My worst case solution length is 77 moves, which is admittedly a lot larger than the lower limit of 22 I get for the worst case solution length of God's Algorithm.

miller said...

How many moves does it take? I haven't even considered that aspect. I always thought that the problem of minimizing the number of moves (finding god's algorithm) was so difficult as to be inaccessible to lay mathematicians. Am I wrong? Is it easier than I thought?

Anonymous said...

these moves are sufficient

miller said...

I'm afraid those moves won't get you anywhere unless 1 and 2 are already in the correct positions.

In any case, we could just take "I" and "M" as sufficient moves--the trouble is that it's not obvious how to use them by themselves.

Anonymous said...

"How many moves does it take? I haven't even considered that aspect."

Any normalized position (positions with numbers one and two in their correct positions) can be solved (or produced) in no more than 28 moves. One such "longest move" is m2-i-m3-i-m3-i-m-i-
which solves the position 1,2,9,11,12 to Normal, and produces the position 1,2,6,8,12 from Normal. I don't think this transform has much chance of being made any shorter.

Unknown said...

I also had a lot of fun with M12 when I came across it in the Scientific American article. I wrote my own version of the M12 puzzle that can solve it. It does so by having an exhaustive database of all positions (nothing clever).

As to the worst case scenario - there are several positions that are 29 moves from being solved, but none that are 30.

Anonymous said...

to selliott4:
Your site
cannot be opened

Anonymous said...

I clicked on the link from selliott4 and it worked fine for me...

Anonymous said...

I have worked on the m24 and have some results. Are there other solutions on internet?

miller said...

I haven't seen any (and was unable to figure out anything myself). If you've got a solution to the M24, or even part of a solution, you should put them up on the internet. You'll definitely get an audience for that.

Anonymous said...

Solution for M24

- Bring home 0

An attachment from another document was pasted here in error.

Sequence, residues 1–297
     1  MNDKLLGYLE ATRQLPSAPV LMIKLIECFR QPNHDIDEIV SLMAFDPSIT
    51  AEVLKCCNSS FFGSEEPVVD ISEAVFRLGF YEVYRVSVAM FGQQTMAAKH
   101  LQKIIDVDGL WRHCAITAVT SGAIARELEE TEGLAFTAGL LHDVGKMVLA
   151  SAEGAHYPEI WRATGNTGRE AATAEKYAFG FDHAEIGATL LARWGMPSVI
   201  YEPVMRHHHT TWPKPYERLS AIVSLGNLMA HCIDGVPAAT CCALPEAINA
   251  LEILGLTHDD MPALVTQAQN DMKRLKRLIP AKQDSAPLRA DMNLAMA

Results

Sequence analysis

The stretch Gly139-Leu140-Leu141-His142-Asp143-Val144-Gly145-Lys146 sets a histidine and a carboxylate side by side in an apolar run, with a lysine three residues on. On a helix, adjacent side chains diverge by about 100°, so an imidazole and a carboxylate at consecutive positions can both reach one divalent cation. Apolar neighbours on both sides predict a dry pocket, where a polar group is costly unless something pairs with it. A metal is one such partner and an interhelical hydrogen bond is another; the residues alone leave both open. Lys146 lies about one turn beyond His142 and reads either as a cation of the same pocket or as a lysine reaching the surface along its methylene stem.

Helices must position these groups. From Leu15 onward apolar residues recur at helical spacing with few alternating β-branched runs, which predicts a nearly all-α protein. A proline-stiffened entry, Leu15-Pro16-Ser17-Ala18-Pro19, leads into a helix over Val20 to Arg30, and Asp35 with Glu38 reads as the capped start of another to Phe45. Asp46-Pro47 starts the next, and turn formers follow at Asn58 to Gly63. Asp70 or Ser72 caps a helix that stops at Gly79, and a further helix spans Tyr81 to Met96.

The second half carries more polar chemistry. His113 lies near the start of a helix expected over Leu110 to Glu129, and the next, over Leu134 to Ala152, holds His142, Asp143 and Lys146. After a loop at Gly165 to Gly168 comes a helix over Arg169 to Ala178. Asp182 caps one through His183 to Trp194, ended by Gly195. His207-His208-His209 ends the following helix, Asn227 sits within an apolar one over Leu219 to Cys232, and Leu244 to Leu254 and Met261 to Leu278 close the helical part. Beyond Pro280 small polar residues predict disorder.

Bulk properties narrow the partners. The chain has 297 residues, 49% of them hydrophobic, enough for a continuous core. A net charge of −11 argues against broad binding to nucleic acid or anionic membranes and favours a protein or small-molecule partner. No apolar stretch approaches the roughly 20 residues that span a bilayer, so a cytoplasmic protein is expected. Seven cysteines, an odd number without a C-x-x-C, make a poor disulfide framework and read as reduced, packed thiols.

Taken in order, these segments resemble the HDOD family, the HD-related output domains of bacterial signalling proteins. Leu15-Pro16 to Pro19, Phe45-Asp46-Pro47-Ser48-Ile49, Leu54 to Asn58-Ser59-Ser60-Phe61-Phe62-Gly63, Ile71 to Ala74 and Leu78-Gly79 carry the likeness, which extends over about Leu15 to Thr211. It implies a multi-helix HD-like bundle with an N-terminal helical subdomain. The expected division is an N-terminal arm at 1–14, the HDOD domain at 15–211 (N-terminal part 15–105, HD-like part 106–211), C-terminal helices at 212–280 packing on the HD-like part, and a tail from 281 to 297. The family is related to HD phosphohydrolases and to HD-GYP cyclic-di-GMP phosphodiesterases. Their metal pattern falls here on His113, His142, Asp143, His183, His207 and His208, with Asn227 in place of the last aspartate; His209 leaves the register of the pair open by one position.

- Bring home 15
- The operator h has two cycles of length 11
c1=(1 21 5 9 17 22 4 10 20 2 19) and
c2=(3 11 16 6 8 13 12 14 7 18 23)
If the actual place of 16 is in c1 apply h immediately to bring 16 home
else use operator a to get 16 in c1
- R
- The operator a has 4 cycles of length 5
d1=(1 23 6 14 11)
d2=(2 3 18 8 13)
d3=(4 20 5 21 7) and
d4=(9 19 22 12 10)
If the actual place of 17 is in d2 apply a immediately to bring 17 at 18
else use operator w to get 17 in d2
- L
- Note the cycles C still necessary to solve the puzzle
- Find theses cycles in the ordered table of 957 aw-combinations
(should be 960 = 48*20)
- If you cannot find a combination try also the inverted C
- If you still cannot find a combination apply first some a and note again the cycles C
- Apply the found aw-combination
If you had inverted C than you must apply the combination m times where
m is the length of cycles in C minus 1


h is R9SLSL11SR5SR6SRSL9 and yields
(0) (15) (1 21 5 9 17 22 4 10 20 2 19) (3 11 16 6 8 13 12 14 7 18 23)
a is SR2SL11SR2SR7SR2SL2SR2SL2SR2SL2SR2SL2 and yields
(0) (15) (16) (17) (1 23 6 14 11) (2 3 18 8 13) (4 20 5 21 7) (9 19 22 12 10)
SR2SL2SR2SL2SR2SL3 and yields
(0) (15) (16) (17) (1 22 19 3 6) (2 13 5 4 9) (7 11 8 23 18) (10 20 12 21 14)
w was constructed so that it has the same fixed elements as a

The aw-table is

wwaawwaa ( 1 ) ( 2 ) ( 3 10 ) ( 4 23 ) ( 5 8 ) ( 6 9 ) ( 7 ) ( 11 21 ) ( 12 ) ( 13 22 ) ( 14 19 ) ( 18 20 )
aaawwaaawa ( 1 ) ( 2 ) ( 3 11 ) ( 4 22 ) ( 5 6 ) ( 7 ) ( 8 9 ) ( 10 21 ) ( 12 ) ( 13 23 ) ( 14 20 ) ( 18 19 )
wwaaaa ( 1 9 8 3 11 ) ( 2 20 5 10 22 ) ( 4 13 7 18 14 ) ( 6 19 23 21 12 )

This table has been constructed by a programm using only the cycles of a and w.

miller said...

That's great! The only thing that's missing is the rest of the aw-table. Do you have the rest on your webpage somewhere?

Anonymous said...

I have put the m24 aw-table on my homepage

Anonymous said...

These "tools" for M24 can be shortened.

h is L8SL5SL5SR10SL5
a is SR2SR12SR2SR9SL2S
w is SR5SR12SR3SR7SR13SR2

All positions in M24 can be solved using no more than eleven "S" moves (and the proper L & R in between!).

miller said...

Wow, how do you all know all this? Do you study group theory?

Anonymous said...

When you mentioned yesterday that you had not yet seen a solution for the M24 Puzzle, I decided to solve it. I hacked together a computer program that can produce or solve any position in the Puzzle. So I looked at those long Transforms posted by M. Baumann and converted them into positions (applying the Transform to the solved state), then used my program to give the shortest transform to give the same result. (Shortest in terms of fewest "S" moves.) Also saw that 5 "S" moves suffice to give an example of a sequence beginning with any arbitrary five numbers. Also that the transform from any one of these to any of the 48 variants starting with the same five numbers can be done with no more than 6 "S" moves. So eleven "S" moves is proven to be sufficient, although it is likely that 7 (or perhaps 8) would actually suffice. Seven "S" moves appear to be required for some positions, because otherwise there would not be sufficient different moves to generate the full number of different positions.